This greatly deflates LFT. Nothing beats direct doing because it shows us very clearly that we can stand an activity, frustration, or extremely painful emotion. We can stand a great deal. In truth we can stand something until we die. When we believe we can't stand something we make that moment extremely uncomfortable.


Through experimenting we will discover we possess the ability to stay in there, to keep with it. Without patience and tolerance we will face massive roadblocks to our aspirations and to life. With LFT we bail out at the first signs of discomfort and struggle. Gang no more jumping out of a 20 person bank line because we can't stand it. Nonsense.


LFT exaggerates feelings as well as leads to lethargy; a lack of discipline; helplessness; hopelessness; a focus on short-term discomfort rather than on long-term goals and rewards; and the building up of complaining and self-pity. Further LFT blocks our awareness of our ability to complete tasks and leads to awfulizing about our inability to control our emotions. LFT can also lead to us hating uncertainty and focusing on other's negative behavior.


LFT better be experienced and overcome. Take direct action in the face of LFT. I count LFT as one of the first targets to go after if you find it gumming up your life. It slows growth so it better be addressed.


The I Stood Exercise is an excellent exposure exercise for Low Frustration Tolerance. 

Quick tips for LFT:


LFT feelings can be targets for integration or Emotional Writing.

Relaxing with vagus nerve based relaxation exercises like the Longevity Manuever or the Dive Reflex maneuver will weaken Low Frustration Tolerance's sense of overwhelm.


People who have "No Frustration Tolerance" may want to start facing their Low Frustration Tolerance situations with a relaxation exercise for the first couple of goes at LFT.

Question your LFT beliefs can weaken them. Ask yourself these questions:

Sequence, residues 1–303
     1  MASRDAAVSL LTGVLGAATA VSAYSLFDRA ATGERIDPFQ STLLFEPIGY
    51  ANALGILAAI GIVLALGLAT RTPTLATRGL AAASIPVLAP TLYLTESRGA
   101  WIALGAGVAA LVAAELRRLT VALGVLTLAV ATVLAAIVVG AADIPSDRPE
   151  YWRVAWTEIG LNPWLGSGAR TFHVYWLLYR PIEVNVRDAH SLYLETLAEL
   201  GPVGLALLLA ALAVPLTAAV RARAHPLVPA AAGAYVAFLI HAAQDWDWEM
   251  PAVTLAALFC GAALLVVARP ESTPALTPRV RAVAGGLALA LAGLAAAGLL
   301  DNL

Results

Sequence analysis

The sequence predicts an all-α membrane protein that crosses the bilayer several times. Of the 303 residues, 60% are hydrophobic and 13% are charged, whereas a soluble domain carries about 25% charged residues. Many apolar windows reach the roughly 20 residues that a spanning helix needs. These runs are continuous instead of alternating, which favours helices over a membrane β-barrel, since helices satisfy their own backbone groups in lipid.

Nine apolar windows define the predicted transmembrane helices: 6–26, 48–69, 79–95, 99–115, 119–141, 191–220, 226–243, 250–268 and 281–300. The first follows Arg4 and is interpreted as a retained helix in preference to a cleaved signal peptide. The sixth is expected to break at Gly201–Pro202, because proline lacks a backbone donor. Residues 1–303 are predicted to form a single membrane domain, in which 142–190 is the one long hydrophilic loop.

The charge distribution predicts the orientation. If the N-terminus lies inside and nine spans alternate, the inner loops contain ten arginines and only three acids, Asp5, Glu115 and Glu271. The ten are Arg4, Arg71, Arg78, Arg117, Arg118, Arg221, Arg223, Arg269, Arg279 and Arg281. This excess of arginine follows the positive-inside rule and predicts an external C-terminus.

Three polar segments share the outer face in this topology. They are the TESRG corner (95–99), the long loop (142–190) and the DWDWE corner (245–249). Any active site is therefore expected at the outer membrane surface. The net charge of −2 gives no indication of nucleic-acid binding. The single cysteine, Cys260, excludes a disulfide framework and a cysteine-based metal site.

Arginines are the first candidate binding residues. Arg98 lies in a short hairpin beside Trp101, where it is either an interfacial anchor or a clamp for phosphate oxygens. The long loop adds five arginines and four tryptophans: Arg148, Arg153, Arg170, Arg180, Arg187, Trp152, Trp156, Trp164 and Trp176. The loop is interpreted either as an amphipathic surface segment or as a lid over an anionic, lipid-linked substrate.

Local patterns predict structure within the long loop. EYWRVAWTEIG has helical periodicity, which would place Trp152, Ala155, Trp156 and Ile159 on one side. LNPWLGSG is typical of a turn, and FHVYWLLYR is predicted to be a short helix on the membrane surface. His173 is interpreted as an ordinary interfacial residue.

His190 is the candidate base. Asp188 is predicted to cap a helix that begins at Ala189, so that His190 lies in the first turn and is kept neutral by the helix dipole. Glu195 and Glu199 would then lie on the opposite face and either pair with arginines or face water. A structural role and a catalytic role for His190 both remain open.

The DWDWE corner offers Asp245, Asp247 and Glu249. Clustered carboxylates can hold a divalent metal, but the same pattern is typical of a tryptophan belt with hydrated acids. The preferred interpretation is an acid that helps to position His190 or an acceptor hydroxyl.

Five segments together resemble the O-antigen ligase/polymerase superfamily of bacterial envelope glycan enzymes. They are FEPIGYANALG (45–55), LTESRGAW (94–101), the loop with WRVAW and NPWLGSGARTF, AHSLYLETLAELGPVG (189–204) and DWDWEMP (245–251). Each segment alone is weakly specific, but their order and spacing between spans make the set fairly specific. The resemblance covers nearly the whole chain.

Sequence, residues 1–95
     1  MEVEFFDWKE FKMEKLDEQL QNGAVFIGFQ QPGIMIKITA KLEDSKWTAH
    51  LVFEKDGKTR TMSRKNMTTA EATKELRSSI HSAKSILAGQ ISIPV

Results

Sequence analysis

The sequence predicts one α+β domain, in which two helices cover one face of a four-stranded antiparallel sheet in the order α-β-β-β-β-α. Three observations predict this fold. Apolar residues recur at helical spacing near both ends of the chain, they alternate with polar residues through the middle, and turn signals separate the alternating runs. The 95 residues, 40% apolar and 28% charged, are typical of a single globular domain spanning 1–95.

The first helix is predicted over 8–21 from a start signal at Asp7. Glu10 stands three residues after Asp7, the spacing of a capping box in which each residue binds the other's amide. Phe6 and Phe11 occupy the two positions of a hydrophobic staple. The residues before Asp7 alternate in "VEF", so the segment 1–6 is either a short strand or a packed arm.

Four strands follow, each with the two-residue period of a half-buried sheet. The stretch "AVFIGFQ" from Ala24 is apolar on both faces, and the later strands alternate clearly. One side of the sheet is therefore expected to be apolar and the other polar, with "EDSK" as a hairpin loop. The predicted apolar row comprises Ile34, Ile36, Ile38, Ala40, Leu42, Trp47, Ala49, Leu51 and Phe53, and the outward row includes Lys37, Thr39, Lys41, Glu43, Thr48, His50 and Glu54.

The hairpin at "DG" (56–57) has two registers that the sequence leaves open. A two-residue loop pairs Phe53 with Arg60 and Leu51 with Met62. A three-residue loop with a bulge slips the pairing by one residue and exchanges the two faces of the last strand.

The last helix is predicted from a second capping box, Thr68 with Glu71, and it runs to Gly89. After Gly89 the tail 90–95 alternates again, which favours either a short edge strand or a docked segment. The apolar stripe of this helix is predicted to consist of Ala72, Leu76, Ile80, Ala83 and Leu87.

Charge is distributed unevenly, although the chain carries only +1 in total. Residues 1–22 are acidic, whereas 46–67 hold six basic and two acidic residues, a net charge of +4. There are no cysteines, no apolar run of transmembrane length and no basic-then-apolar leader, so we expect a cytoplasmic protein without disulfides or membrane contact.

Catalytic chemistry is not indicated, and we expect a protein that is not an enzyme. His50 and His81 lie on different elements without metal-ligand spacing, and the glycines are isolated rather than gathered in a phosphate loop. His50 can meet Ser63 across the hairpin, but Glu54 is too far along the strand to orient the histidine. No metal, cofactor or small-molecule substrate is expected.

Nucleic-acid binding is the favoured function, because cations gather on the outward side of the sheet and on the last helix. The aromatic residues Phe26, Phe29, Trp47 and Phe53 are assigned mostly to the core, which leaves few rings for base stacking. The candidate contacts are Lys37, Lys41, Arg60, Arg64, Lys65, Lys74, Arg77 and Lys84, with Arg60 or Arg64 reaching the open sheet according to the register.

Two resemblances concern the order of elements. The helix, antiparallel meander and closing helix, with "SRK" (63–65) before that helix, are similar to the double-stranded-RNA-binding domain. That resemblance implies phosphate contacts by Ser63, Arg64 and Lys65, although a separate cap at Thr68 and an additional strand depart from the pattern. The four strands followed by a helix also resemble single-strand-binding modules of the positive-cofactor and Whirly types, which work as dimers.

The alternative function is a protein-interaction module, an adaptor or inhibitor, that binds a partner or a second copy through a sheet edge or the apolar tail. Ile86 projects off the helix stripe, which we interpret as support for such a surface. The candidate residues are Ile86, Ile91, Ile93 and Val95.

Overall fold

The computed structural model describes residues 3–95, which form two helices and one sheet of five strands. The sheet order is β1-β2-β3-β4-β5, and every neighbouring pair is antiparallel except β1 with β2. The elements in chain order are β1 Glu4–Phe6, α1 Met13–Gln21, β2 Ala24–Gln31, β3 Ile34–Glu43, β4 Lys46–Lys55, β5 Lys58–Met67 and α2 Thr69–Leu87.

Could you stand it?
Have you stood it before?

Have you coped with a similar situation?
Could you stand it for 2 million dollars or some other highly valued awards?
If you can--you just proved you could stand it.
If your brain is not malformed--can you really go crazy or just get upset?
Have you ever lived without it?
Where's the evidence that it's really too much? Is your evidence based on just your belief?

Why might LFT beliefs be labeled as anti-empirical statements (no evidence for the statements)?

Can you stand it two minutes at a time?

George Bernard Shaw noted two tragedies of life: "Not getting your heart's desire and getting your heart's desire."


View your task as simple steps and not as an overwhelming whole.


Use the Creator on an upcoming Low Frustration Tolerance situation and ask the Miracle Question (as seen in The Creator) in ways that have you successfully standing and staying through the difficult or uncomfortable. Say you looked back on your completed task from 3 years in the future, what good feelings would you have about completing it? How did you first notice that you accepted it? When did it feel doable? What did you think about the successful task?


Feelings change--they never remain the same. Stay with doing a task and your feelings change.


Give your attention to your task. I can't stand it-itis loses its punch as you pay fuller attention to your task.